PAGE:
port of harlem magazine
Theo Hodge, Jr. M.D.
Living Historians “Take Back the Park”
July 02 – July 15, 2020
lincoln statue

booker t washington statue

A swath of historians and poets met protesters who have been demanding the removal of the Abraham Lincoln statue in Washington, DC. Former enslaved Africans funded the statue, the first ever built of Lincoln to symbolize his role in ending slavery in the U.S., according to the National Park Service.

Some critics of the monument point to Frederick Douglass’ Oration in Memory of Abraham Lincoln as proof of his disapproval of the Lincoln statue. In his speech delivered April 14, 1876 at the unveiling of The Freedmen’s Monument in Lincoln Park, he said of Lincoln, “He was preeminently the White man’s President, entirely devoted to the welfare of White men. He was ready and willing at any time during the first years of his administration to deny, postpone, and sacrifice the rights of humanity in the Colored people to promote the welfare of the White people of this country.”

People who are not “flawed” don’t exist, cautioned spoken word artist Nathan Richardson, who has been a Frederick Douglass reenactor for six years.  The Hampton, Virginia resident says both men are much more complex than the general narrative and that Lincoln was much like President Lyndon Baines Johnson (LBJ).

He explained, “Lincoln had racist tendencies and a conscience to overcome those racist tendencies. LBJ had racist tendencies just like Lincoln, but he also had a conscience that overcome those racist tendencies and only he could go into the backroom with other racists and ask them to come along and move history forward.”

In the same 1876 speech, the real Douglass seems to express a similar thought. “Though he (Lincoln) loved Caesar less than Rome, though the Union was more to him than our freedom or our future, under his wise and beneficent rule we saw ourselves gradually lifted from the depths of slavery to the heights of liberty and manhood; under his wise and beneficent rule.”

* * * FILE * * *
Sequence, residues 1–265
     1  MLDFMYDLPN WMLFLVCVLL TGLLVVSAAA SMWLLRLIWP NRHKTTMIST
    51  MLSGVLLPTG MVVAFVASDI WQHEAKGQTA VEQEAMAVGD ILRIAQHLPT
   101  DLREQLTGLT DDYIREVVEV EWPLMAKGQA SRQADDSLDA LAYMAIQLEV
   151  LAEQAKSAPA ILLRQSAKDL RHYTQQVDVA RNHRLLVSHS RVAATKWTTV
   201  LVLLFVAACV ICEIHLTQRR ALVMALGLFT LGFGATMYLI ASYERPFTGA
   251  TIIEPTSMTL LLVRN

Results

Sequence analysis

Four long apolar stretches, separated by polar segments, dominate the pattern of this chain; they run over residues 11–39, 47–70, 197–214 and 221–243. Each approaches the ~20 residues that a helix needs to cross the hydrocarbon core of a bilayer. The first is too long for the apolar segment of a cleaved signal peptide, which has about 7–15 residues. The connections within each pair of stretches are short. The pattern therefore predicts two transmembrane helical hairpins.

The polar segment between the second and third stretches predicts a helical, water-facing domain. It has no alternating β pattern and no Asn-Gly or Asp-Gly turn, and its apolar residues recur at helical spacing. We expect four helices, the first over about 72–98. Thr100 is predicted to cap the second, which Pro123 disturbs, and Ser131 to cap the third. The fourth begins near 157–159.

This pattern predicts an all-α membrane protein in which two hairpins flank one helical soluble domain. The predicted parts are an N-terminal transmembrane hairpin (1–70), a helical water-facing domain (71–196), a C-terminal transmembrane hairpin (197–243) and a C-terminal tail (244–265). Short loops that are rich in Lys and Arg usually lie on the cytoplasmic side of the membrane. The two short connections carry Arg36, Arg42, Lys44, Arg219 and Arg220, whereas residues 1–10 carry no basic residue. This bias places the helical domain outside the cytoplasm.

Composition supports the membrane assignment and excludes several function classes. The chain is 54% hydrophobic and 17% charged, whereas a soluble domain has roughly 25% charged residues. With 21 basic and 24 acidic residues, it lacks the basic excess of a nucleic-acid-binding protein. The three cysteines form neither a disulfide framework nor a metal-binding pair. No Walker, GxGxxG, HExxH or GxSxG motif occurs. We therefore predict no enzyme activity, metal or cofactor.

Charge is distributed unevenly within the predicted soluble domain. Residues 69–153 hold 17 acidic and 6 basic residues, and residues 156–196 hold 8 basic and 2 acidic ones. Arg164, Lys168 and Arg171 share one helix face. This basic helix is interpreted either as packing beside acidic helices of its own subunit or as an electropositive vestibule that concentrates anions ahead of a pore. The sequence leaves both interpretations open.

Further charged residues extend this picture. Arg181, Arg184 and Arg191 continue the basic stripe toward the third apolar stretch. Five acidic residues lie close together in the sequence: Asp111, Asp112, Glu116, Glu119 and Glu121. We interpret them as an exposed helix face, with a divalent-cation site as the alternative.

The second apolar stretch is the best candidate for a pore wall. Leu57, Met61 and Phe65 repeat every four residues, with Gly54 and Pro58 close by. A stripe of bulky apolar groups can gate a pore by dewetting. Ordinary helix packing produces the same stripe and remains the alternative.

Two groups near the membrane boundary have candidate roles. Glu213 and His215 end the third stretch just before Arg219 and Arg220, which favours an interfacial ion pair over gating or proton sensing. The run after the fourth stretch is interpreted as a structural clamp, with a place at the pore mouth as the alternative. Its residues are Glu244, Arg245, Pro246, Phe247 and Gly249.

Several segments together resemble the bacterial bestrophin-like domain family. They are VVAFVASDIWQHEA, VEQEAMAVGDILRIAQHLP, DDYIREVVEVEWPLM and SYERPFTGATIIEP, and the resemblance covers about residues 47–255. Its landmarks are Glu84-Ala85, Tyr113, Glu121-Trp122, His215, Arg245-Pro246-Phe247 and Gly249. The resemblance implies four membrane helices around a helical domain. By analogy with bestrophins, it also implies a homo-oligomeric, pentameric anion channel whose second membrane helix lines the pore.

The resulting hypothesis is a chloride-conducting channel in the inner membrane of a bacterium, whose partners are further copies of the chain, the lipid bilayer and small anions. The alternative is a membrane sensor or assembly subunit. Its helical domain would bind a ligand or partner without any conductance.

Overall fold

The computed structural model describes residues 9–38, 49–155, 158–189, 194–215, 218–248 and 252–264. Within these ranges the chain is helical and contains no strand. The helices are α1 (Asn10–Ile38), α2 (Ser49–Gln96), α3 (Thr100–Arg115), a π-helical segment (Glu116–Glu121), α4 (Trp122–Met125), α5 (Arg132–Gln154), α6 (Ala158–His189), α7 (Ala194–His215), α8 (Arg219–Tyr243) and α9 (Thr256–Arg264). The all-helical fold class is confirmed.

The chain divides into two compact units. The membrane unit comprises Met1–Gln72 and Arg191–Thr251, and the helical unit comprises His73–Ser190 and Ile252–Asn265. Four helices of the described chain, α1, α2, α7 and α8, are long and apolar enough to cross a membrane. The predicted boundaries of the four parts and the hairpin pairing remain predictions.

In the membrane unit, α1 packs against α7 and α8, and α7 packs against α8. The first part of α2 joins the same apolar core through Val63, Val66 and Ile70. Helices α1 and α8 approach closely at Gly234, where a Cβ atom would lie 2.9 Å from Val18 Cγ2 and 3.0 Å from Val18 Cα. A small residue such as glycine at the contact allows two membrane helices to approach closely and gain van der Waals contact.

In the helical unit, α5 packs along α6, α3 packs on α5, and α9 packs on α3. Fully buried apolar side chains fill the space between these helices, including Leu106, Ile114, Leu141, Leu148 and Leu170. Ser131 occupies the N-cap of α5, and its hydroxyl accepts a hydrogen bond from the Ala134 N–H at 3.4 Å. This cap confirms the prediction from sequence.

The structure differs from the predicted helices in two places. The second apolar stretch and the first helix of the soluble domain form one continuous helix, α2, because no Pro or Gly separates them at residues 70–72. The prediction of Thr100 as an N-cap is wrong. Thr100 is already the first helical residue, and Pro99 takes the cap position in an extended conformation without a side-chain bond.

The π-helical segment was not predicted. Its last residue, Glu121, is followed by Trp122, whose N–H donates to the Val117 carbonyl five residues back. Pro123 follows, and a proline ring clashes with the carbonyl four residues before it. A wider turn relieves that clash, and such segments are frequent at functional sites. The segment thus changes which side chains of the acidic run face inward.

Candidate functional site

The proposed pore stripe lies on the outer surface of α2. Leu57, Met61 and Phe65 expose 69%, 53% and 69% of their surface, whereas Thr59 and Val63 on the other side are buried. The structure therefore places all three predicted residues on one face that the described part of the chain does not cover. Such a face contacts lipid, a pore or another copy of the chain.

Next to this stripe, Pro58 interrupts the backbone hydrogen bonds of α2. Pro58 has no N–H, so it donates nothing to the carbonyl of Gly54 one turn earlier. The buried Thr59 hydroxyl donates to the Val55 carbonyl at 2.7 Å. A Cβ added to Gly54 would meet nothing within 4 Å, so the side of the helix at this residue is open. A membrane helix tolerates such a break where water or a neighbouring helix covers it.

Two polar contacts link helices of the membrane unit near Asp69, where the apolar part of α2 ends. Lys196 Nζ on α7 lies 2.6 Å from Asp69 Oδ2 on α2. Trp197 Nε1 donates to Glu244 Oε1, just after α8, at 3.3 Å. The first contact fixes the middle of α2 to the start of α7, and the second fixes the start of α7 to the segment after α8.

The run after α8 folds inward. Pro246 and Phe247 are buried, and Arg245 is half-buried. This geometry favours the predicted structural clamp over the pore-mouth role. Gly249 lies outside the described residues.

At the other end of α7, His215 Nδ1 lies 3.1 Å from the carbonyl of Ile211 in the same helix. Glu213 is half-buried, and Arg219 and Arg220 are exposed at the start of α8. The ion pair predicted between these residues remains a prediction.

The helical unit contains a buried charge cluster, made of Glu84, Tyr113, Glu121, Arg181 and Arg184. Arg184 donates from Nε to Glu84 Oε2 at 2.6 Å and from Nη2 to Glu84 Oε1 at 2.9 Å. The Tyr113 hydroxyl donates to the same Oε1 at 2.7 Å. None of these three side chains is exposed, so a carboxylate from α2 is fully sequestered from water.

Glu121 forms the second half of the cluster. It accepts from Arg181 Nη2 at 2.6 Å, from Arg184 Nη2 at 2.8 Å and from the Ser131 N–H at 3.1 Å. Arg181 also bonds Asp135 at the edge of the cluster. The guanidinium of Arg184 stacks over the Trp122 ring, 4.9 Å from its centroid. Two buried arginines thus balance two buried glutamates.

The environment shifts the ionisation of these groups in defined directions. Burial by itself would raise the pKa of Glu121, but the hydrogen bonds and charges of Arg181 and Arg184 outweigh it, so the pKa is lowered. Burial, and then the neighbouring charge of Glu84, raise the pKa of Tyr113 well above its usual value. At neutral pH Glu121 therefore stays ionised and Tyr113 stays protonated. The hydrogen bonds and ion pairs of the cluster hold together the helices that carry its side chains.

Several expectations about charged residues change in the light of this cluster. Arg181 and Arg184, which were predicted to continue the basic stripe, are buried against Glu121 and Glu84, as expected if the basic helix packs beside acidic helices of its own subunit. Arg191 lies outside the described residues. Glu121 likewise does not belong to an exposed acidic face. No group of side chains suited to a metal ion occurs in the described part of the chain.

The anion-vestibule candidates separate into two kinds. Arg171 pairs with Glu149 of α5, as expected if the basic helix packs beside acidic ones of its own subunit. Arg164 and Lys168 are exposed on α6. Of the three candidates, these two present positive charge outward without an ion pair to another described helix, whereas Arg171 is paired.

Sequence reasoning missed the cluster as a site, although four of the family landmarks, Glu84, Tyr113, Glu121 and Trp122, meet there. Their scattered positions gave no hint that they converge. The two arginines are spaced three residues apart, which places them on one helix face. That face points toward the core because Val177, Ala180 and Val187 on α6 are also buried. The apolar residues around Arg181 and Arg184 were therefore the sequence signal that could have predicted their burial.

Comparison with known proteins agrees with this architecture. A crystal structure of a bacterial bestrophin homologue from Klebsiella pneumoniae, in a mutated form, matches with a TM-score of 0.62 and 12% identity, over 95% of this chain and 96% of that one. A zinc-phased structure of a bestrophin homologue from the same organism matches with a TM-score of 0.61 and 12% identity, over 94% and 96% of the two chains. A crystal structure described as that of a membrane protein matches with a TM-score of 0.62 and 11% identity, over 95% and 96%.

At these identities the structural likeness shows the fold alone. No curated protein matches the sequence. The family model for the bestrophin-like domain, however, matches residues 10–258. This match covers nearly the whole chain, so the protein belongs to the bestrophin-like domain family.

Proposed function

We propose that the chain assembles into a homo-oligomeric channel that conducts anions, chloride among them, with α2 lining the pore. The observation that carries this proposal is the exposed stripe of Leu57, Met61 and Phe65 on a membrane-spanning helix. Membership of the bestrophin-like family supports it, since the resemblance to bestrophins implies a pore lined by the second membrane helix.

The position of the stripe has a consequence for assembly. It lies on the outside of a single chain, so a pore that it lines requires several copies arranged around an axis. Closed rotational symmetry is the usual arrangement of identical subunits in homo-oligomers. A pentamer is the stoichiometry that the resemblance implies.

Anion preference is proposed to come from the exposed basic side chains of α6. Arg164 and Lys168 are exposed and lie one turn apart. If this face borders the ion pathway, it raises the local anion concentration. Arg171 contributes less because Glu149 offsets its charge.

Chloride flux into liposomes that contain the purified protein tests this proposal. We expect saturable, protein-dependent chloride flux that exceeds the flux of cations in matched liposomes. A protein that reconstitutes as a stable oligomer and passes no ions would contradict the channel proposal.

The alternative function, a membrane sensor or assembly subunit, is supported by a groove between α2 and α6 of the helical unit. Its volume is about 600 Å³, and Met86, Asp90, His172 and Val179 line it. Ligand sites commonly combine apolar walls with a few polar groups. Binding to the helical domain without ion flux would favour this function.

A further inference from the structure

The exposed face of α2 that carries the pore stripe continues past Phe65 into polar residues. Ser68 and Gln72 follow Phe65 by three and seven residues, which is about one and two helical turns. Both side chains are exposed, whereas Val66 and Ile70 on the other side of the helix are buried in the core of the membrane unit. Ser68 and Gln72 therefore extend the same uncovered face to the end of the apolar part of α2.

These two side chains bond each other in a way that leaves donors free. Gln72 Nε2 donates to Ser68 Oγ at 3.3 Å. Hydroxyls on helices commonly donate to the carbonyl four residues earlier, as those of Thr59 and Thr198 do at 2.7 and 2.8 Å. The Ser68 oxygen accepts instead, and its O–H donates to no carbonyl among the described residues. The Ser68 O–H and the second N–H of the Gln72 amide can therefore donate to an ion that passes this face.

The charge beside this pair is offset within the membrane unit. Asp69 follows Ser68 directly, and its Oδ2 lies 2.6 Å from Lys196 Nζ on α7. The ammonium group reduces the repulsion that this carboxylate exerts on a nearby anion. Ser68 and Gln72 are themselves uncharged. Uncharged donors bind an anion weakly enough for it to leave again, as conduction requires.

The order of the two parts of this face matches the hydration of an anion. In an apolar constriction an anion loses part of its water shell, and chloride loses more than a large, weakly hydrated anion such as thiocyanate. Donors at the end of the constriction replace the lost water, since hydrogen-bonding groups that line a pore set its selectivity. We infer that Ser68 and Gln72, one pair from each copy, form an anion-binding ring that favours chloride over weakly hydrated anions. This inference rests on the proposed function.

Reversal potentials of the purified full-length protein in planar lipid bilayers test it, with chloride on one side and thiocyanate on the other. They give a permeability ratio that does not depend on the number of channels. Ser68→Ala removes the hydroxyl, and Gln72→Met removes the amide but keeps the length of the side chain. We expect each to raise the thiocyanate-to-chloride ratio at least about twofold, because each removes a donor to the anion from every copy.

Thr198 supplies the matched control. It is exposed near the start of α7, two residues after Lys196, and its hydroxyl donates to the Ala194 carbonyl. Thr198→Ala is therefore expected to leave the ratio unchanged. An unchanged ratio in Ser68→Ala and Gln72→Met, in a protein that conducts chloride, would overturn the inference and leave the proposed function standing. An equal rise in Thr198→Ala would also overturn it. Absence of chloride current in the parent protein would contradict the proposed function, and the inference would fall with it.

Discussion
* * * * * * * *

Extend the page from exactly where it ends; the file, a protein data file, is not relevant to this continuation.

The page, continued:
Douglass explained the complexity of trying to create a one dimensional view of a person, nevertheless an image, in a 1876 speech.
However, 2018 and current DC Council At-Large candidate Marcus Goodwin insists “It’s time to take down monuments that memorialize the intended subservience of Black people in this country. Confederate statues are the obvious example, but this statue in Washington, DC perpetuates the idea that we are beneath White people and should simply be grateful for the scraps that have been thrown our way.”

Classic literature educator Carolivia Herron says she felt the anger of some protestors and the “intensity of their dislike of the statue.” She added, “I too have a problem with the statue, but in an ideal world, I would have it there with a call-and-response exhibit of some sort that will provide a fuller story.”

Noting that in their day, Douglass and Lincoln faced adversarial crowds, John Muller, organized the living historians’ educational protest. Mueller, who also organizes Frederick Douglass presentations and walking tours, added, “The purpose of the event was to return the history of the community to the community and give elders an opportunity to guard and preserve the history in the park.”

Peter Hanes, who is a distant relative of Solomon Brown, who was on the 1876 committee celebrating the installation of the Lincoln statue, and whose mother, Loretta Carter Hanes, led the revival of the celebration of DC Emancipation Day, says Lincoln Park has been the site of DC Emancipation celebrations and other Black history programs over the years. “I want it to remain there, but I know it needs to come down, but come down with dignity and be placed in a place of respect like a museum.”